Richard Bond, one of Vice President Bush's top aides, was named chief political operative at the Republican National Committee yesterday, as part of an effort to tighten White House control over the party.

Bond, 31, will oversee the party's 1982 election efforts and serve as the White House's eyes and ears at the committee. His selection comes at a time of growing White House dissatisfaction with RNC chairman Richard Richards.

But Richards, contrary to earlier reports, has been assured that his job is not currently in jeopardy, according to White House aides. Richards picked Bond as deputy chairman after he was recommended strongly by Edward Rollins, who is scheduled to become presidential assistant for political affairs, and by other top White House aides.

Bond's selection represents another internal victory for James A. Baker III, the White House chief of staff. It is expected to arouse opposition from party conservatives because Bond has been associated with moderate Republicans in the past.

He first came to national attention by directing George Bush's presidential campaign in the Iowa precinct caucuses in 1980. Baker was Bush's campaign manager.

After Bush's presidential bid faltered, Baker joined Ronald Reagan's campaign and Bond managed the reelection campaign of Sen. Charles McC. Mathias Jr. (R-Md.).

Earlier, he was press secretary to another moderate Republican, Rep. Bill Green of New York.

"I don't think there's a philosophical problem here at all," said Rollins. "Rich is not an ideologue. He's just one of the two or three best young campaign operatives in the country."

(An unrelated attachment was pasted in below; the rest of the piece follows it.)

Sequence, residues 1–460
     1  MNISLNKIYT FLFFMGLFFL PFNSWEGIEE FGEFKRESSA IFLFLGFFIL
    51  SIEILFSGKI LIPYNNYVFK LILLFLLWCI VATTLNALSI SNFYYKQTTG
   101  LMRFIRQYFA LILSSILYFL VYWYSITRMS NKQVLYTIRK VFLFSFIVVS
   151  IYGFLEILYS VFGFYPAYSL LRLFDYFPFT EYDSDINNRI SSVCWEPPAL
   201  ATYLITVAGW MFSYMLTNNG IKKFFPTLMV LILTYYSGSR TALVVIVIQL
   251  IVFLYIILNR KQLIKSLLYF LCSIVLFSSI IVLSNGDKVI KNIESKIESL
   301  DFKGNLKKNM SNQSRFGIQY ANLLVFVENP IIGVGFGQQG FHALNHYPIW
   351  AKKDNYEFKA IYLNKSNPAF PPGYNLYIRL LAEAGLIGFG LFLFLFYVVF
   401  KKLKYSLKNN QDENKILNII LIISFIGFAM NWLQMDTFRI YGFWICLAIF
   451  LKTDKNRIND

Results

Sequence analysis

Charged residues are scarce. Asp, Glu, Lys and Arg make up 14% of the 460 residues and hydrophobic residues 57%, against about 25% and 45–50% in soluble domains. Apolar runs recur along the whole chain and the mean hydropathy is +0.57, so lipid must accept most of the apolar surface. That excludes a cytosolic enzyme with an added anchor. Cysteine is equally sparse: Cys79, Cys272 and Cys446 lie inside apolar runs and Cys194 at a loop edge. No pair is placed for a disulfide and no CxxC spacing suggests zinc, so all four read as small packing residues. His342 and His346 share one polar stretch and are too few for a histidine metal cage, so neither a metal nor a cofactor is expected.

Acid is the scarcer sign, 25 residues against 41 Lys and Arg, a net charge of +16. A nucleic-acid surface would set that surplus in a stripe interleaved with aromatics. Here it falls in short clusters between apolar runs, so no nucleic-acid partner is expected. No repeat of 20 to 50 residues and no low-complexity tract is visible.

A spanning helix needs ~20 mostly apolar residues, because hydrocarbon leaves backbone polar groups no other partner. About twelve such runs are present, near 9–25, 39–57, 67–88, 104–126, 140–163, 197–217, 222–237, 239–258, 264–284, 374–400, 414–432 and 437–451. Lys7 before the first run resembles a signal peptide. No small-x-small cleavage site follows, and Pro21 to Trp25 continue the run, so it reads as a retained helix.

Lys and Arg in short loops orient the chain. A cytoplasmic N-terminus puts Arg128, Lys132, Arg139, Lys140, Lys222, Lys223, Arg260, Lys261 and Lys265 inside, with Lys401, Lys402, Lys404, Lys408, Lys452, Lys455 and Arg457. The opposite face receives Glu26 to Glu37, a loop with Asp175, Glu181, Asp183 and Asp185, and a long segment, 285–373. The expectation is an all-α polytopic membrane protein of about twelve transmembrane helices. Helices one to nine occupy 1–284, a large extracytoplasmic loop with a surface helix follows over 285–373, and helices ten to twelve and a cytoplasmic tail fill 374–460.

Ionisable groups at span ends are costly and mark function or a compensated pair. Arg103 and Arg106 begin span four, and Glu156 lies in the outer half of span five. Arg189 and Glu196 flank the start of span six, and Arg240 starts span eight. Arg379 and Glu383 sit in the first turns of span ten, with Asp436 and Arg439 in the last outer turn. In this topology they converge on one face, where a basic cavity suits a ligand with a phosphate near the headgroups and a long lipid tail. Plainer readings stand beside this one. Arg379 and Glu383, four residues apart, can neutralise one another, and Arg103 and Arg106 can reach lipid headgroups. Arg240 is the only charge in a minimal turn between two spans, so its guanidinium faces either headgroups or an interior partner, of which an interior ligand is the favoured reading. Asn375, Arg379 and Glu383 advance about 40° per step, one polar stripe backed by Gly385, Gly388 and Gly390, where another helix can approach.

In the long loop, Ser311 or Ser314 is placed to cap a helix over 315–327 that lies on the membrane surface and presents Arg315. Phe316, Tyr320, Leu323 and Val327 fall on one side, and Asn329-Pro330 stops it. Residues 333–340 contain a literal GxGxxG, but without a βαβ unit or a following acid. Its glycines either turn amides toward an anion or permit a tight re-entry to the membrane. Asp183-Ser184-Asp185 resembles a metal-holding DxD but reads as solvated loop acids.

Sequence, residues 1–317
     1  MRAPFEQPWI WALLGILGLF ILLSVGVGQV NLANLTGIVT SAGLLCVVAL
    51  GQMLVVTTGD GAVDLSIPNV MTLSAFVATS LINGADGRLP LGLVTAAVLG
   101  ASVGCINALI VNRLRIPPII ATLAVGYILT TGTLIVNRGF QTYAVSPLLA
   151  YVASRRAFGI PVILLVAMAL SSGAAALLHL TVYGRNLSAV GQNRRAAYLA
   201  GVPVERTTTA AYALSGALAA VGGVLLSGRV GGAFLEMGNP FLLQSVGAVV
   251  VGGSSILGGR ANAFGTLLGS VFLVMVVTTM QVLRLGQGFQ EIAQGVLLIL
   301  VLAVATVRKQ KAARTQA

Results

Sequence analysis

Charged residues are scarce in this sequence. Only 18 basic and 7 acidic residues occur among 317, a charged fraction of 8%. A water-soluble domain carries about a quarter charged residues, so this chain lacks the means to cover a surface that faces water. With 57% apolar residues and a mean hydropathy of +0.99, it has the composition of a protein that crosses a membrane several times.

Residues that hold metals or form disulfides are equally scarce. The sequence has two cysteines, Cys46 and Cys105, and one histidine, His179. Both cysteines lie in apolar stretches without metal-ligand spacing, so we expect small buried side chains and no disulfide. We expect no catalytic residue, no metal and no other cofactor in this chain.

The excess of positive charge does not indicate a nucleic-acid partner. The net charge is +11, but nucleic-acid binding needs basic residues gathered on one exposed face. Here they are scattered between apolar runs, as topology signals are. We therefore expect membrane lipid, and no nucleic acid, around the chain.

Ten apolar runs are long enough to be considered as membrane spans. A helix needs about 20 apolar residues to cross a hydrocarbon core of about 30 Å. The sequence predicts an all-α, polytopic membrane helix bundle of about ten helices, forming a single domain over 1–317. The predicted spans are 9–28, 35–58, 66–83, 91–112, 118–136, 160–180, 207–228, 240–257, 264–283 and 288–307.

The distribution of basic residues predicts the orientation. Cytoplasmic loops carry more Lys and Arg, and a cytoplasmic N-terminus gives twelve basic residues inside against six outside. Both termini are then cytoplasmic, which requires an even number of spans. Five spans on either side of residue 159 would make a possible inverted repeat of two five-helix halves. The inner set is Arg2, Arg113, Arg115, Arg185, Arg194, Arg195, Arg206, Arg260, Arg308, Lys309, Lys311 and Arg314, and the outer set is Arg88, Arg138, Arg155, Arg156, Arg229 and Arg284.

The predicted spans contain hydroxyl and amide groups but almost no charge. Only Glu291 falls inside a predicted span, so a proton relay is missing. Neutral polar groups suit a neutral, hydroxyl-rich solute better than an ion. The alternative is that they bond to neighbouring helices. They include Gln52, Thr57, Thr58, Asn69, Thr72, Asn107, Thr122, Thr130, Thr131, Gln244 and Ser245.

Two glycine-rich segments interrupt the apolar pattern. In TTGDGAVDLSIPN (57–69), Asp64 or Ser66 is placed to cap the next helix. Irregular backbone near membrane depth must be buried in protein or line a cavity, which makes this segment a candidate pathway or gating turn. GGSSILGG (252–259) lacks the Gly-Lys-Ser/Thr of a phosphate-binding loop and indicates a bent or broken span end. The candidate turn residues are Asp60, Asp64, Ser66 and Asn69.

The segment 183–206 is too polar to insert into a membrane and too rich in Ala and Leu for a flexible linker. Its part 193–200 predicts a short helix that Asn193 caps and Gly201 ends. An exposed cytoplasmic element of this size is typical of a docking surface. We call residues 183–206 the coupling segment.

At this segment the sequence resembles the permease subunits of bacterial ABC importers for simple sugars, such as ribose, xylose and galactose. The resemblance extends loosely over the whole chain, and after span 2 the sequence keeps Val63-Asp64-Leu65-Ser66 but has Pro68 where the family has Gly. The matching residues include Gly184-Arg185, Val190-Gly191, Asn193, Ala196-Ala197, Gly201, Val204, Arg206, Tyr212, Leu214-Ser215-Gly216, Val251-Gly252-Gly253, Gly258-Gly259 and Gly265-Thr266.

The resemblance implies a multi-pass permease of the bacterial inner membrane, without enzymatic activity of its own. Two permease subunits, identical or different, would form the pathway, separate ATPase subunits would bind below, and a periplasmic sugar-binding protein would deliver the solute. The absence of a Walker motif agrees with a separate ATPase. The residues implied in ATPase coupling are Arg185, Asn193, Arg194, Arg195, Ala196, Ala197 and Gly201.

At the RNC, Bond will be in charge of the heart of the party's operations and much of its staff. He will oversee campaign activities, research, communications and computer operation, and manage the headquarters building.

He will replace Charles Bailey, a longtime associate of Richards, who recently resigned. Bailey is a journeyman political operative, but, according to a White House aide, "isn't the kind of guy anyone ever described as savvy."

The White House has made no secret of its displeasure with Richards. Last week, Baker personally rebuked the chairman after he was quoted as saying that David A. Stockman and Richard V. Allen would lose their jobs and Reagan might not seek reelection.

"Dick has been a little too candid at times and that has caused some consternation," said a White House aide.

Two other experienced Reagan operatives were approached about the RNC job. Lee Atwater, a respected White House political aide, reportedly wasn't interested. Haley Barbour, a former Reagan campaign aide, decided to stay in Mississippi and run next year for the Senate seat held by John C. Stennis (D).